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need UL for new patent grounding electrode- technology is not 8 ft long (standards)

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    #46
    Originally posted by don_resqcapt19 View Post
    I don't see how anything that UL or any other listing agency can "get around" a legally adopted code rule. 90.7 is clearly talking about the factory installed parts of the listed equipment and does not permit a listing to change or "get around" a code rule as far as the non-factory installed wiring for the listed product.
    My point is that the 'internal factory wiring' of UL Listed items are not required to meet the same NEC requirements as those of similar field wired items.
    If you decide to assemble your own industrial control panel are your internal conductors and protective devices subject to the NEC branch circuit requirements? If you purchase a UL 508A panel are its internal conductors and protective devices subject to the NEC branch circuit requirements?

    UL508A has provisions for 'modifying the available short circuit current within a portion of a circuit in the panel due to current limiting devices' (i.e. a Listed circuit breaker which is marked "current limiting"), while the NEC generally requires the use of tested 'series combinations' of devices.
    Just because you can, doesn't mean you should.

    Comment


      #47
      UL is not the only NRTL. NEC generally only says "listed" meaning by any NRTL. I seem to remember a couple instances where someone on this forum specifically mentions UL.

      UL also tests more than just electrical equipment. They can and will test almost anything imaginable. When something is listed all that means is it meets the standards set for that particular item. I have heard cases where place wants to use something and someone informs them - it must be UL listed. When I hear about that story my first question is "listed for what?" Just listed means nothing if you are not using it according to the listing, yet people see the UL logo on something and say "it is UL listed - it should be safe". SAFE FOR WHAT?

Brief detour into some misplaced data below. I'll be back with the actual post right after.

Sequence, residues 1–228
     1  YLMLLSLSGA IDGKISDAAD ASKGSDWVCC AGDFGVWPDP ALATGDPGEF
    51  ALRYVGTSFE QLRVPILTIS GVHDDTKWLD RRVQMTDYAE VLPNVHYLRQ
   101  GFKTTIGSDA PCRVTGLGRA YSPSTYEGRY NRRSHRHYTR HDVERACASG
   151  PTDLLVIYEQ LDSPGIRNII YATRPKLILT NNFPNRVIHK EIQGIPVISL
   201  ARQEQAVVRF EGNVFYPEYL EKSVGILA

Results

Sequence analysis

Something like the ground rod in this discussion would have relatively simple standards to meet, unless you are wanting new listing for a new application then new standards would have to be established for that application. In the case of the ground rod in this discussion the idea is to test that the new design can dissipate same amount of energy as other devices that meet current standards.

      I know of other cases where an item was more complex and when submitted for testing the party submitting only requests certain tests be done. This may not mean the item is bad or they are covering something up, it is simply puting limits on what it is listed for. If you don't ask them to test how well it stands up to rain then you likely do not get a rainproof listing even though it may appear that it would stand up pretty well to rain.
      I live for today, I'm just a day behind.

      Comment


        #48
        Originally posted by kwired View Post
        I know of other cases where an item was more complex and when submitted for testing the party submitting only requests certain tests be done. This may not mean the item is bad or they are covering something up, it is simply puting limits on what it is listed for.
        Many, if not most, 'industrial' HMI touchscreens are UL Listed as office technology equipment, yet they are ubiquitous in environments that would require a Type 12 enclosure.
        Just because you can, doesn't mean you should.

        Comment


          #49
          We're getting into the twilight zone, here, 'parsing' UL, debatining the meaning of 'is.' It's beginning to sound like a Clinton family reunion- and we're way off track.

          The point is that the OP believes he has a good grounding method, even though the NEC does not currently allow it. He believes his method is so unique that it has a patent. He also believes that UL acceptance is all he needs for his device to meet NEC requirements.

          I explained that he needs to have the code changed before UL will list his device. It should have been evident that I meant 'listed for use as a grounding electrode,' as opposed to, say, listed for use as a paperweight. Misrepresentation of a listing or misues of something are separate topics, and not relevant to this discussion.

          I gave examples of how others have persuaded the various code panels to change the code to allow for their products. I showed how the code change came before the UL evaluation.

          As for a UL listing 'trumping' the NEC, were that true such a listing would overrule any law. Apart from the political aspect (who elected UL to play king?), such a position would delight the makers of Romex, who would welcome the opportunity to sell their products in Chicago. If a listing made something acceptable no matter the law, there would be no such thing as 'local ammendments.' Thus, this position is illogical.

          Comment


            #50
            Originally posted by renosteinke View Post
            We're getting into the twilight zone, here, 'parsing' UL, debatining the meaning of 'is.' It's beginning to sound like a Clinton family reunion- and we're way off track.